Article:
Whisky: A right British Beverage
(Noun) 1. The term whisky comes from the Gaelic 'uisge beatha', or 'usquebaugh', meaning 'water of life'. Gaelic is that branch of Celtic traditionally spoken in the Highlands of Scotland.
All the rumours you've heard are true - the Scots drink Whisky! And they do it well - did you know; Scottish people are the largest consumers of Spirits in the UK?! Mwhahaha. There's approx. 20 million casks that lie maturing in warehouses all over Scotland, resulting in a mass variety of Whisky tastes being introduced to the world, and it would seem that being a connoisseur of all things whisky is intoxicatingly enjoyable!
Think about it... Whisky is made up from multiple botanicals, various grains and barely and fresh spring water. Alcohol is generally associated with bad lifestyle choices, liver problems and unpredictable outcomes, but Whisky has its benefits: it helps you maintain a healthy weight as it has no fat and very little sodium, it has been proven than whisky can boost your cognitive performance and reduce your chances of developing Dementia, heart health is another! Those who drink a moderate amount of whisky (regularly), have just shy of a 50% chance of experiencing a heart attack or stroke. There's more where pro's to whisky here.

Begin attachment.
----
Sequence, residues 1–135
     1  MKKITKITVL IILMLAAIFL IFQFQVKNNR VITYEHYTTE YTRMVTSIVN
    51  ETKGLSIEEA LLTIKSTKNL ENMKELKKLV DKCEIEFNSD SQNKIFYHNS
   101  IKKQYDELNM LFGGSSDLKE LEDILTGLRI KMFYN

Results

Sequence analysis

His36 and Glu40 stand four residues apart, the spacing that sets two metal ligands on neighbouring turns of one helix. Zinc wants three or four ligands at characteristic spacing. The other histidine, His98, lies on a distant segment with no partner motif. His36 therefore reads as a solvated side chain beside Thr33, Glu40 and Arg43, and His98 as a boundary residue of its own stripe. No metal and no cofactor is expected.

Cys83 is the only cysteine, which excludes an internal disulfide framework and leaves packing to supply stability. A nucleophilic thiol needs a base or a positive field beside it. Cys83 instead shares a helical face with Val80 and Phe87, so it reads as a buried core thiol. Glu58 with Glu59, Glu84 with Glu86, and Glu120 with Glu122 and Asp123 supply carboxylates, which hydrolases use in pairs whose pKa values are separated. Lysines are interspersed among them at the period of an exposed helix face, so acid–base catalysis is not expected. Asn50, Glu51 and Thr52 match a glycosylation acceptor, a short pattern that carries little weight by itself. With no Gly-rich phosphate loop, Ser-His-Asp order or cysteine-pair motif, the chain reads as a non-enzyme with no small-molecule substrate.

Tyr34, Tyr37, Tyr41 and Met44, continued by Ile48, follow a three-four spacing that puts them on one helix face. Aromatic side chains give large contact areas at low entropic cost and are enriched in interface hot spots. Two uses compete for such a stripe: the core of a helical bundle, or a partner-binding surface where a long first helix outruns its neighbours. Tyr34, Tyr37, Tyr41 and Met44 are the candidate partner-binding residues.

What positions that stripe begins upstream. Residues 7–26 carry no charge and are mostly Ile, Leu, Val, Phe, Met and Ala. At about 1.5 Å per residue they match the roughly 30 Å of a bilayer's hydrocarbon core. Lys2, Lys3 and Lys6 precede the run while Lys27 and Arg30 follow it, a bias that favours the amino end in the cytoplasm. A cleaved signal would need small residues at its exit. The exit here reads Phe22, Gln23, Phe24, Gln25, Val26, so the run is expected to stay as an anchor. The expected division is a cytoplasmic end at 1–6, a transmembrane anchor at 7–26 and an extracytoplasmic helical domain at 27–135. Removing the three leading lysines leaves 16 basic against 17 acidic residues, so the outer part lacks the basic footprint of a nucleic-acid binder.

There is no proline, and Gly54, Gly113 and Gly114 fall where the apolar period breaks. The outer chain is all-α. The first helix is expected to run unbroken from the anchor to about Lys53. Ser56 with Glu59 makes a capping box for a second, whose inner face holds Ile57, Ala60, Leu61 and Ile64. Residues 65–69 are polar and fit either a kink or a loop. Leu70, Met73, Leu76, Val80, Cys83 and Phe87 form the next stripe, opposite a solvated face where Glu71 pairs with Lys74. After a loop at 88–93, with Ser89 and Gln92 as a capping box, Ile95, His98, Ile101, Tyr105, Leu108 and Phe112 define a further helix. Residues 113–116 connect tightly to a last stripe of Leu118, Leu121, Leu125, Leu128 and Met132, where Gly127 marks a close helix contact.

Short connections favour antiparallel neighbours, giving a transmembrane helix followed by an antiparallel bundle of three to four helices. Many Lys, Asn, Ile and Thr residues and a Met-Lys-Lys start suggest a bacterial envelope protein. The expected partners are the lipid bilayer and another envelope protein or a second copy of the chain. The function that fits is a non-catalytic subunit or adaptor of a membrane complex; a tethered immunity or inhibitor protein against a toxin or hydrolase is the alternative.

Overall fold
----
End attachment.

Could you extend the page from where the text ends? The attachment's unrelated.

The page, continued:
If you're going have a dram, do it right! Here's how...
It’s common for bars here to stock 40 or 50 different bottles of Scotch; 150 bottles, all malt, is not that rare. I think it is a cultural thing – we’re very patriotic, don’t forget
Here's some fun facts:
- Drinkers in the UK often choose to enjoy it with just a little water, but in Spain they mix it with cola. In Japan Scotch is enjoyed with lots of water and ice, and in China with cold green tea.
- Scotch Whisky is sold in around 200 markets worldwide.
- Scotch Whisky sells three times its nearest rival whisky.